How Fifty-One Ant Species Can Coexist on the Harbor Islands

Adam Clark

Adam Clark
Museum of Comparative Zoology
Harvard University
26 Oxford Street
Cambridge, MA 02138
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Delivered at the 2011 Boston Harbor Islands Science Symposium

Because islands are usually smaller and more isolated than mainland habitats, they are expected to have fewer species. However, a five-year All Taxa Biodiversity Inventory of the arthropods on the Boston Harbor Islands, Boston, Massachusetts, USA, suggests something puzzling. We collected over 50 species of ants on 10 islands, including four new species records for Massachusetts, and one new to the United States. This would mean that almost half of all known Massachusetts ant species can be collected in the BOHAI!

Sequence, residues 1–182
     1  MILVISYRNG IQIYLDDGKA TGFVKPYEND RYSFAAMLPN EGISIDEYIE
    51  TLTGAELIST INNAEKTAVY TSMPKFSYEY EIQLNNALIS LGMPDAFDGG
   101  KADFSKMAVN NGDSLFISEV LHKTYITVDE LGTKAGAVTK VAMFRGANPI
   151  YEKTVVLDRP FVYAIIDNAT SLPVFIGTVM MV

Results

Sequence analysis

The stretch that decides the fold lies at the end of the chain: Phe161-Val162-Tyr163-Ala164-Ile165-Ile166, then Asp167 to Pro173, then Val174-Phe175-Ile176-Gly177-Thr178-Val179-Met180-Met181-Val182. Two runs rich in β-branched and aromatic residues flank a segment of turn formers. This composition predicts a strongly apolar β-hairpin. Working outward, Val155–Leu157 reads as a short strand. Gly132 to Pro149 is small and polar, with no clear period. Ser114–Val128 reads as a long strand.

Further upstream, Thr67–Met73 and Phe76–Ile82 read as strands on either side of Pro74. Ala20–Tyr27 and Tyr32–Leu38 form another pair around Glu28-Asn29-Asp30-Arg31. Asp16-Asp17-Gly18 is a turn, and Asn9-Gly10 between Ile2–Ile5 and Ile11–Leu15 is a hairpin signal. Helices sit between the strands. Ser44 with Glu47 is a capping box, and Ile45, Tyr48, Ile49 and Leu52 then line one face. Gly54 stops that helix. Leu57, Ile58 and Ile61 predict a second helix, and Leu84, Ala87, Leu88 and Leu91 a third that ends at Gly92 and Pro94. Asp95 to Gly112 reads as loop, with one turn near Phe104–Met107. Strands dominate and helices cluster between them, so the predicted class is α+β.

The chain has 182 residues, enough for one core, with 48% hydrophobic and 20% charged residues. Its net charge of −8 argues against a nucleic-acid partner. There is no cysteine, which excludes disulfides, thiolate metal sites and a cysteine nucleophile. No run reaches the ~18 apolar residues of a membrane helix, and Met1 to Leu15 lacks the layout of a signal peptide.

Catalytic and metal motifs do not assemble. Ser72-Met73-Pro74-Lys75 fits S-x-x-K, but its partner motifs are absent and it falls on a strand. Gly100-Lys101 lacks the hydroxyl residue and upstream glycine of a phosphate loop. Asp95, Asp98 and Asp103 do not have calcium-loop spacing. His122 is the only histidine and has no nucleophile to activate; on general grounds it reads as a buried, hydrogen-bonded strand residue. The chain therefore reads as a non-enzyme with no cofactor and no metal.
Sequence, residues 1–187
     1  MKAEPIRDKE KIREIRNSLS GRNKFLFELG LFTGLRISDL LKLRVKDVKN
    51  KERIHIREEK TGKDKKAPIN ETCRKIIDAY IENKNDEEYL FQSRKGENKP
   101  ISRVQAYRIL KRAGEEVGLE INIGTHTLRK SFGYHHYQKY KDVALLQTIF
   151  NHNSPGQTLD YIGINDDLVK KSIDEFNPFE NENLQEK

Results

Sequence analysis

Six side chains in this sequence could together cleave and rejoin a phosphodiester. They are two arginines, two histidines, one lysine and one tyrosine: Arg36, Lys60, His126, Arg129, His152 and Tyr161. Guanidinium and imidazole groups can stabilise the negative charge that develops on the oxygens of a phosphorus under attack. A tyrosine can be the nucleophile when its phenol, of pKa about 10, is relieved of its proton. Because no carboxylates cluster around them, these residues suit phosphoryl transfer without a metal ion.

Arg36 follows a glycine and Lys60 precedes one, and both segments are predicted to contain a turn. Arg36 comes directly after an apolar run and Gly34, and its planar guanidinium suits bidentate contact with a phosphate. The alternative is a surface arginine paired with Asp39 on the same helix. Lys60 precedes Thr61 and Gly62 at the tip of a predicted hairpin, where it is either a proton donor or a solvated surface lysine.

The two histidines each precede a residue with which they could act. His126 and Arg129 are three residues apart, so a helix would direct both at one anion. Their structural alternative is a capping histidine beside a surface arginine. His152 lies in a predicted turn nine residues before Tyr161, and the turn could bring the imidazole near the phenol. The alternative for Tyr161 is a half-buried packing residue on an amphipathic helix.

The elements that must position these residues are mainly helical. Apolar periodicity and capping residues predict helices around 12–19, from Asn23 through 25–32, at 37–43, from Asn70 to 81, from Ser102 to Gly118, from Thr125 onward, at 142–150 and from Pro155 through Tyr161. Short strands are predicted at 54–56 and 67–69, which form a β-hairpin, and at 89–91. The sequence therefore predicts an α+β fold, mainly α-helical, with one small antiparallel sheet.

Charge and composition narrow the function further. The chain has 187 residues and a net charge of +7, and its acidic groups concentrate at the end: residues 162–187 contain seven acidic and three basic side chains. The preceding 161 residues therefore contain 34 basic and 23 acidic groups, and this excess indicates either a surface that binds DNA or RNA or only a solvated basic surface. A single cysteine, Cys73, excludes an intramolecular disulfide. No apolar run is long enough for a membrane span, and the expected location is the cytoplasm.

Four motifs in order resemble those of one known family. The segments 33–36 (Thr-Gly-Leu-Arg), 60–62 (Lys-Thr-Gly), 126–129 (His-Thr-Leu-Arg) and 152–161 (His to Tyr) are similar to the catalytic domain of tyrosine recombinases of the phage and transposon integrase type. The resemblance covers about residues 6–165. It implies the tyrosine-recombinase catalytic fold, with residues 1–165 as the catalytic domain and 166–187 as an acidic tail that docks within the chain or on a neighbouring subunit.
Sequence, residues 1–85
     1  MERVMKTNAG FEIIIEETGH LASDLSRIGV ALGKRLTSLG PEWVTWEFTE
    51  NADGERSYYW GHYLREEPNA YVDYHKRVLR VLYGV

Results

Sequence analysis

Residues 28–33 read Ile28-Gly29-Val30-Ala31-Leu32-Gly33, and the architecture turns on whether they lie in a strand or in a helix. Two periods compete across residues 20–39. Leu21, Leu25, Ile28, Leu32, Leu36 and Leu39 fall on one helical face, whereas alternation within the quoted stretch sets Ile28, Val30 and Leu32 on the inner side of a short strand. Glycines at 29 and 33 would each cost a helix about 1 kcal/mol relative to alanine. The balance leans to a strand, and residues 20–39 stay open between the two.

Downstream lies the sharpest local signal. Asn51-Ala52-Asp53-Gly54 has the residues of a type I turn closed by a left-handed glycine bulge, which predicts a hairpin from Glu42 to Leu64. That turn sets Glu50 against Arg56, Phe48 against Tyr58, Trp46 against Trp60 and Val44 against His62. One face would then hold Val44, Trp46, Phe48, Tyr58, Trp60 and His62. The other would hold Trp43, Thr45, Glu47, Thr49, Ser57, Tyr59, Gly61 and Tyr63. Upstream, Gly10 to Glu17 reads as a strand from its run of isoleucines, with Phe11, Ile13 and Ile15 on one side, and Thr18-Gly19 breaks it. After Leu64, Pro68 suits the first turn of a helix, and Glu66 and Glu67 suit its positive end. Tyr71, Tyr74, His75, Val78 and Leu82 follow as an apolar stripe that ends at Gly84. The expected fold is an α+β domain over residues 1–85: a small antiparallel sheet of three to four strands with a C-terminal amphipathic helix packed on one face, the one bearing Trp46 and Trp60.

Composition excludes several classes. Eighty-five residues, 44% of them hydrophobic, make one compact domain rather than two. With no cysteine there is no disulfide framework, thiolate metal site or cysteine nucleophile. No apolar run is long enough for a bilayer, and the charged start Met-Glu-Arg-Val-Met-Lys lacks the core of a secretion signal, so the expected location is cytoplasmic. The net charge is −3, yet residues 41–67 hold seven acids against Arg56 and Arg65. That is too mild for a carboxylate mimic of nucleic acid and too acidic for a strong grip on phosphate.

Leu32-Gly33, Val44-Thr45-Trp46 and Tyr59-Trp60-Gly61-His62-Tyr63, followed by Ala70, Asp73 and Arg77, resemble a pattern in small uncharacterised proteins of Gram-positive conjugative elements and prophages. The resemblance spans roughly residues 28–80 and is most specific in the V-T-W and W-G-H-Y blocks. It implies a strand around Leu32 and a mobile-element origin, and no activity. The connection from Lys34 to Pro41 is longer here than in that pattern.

To explain this, we look at how ants divide space on the islands through time. We find that the number of species actually active on islands depends greatly on the timescale under consideration. It appears that ants move their nests and change their foraging strategies through time, likely responding to high levels of competition in crowded patches of habitat. This results in ant species cycles on the BOHA. Since some of these cycles include potential pest species, these dynamics could be useful tools in future planning for the park.

Last updated: February 26, 2015

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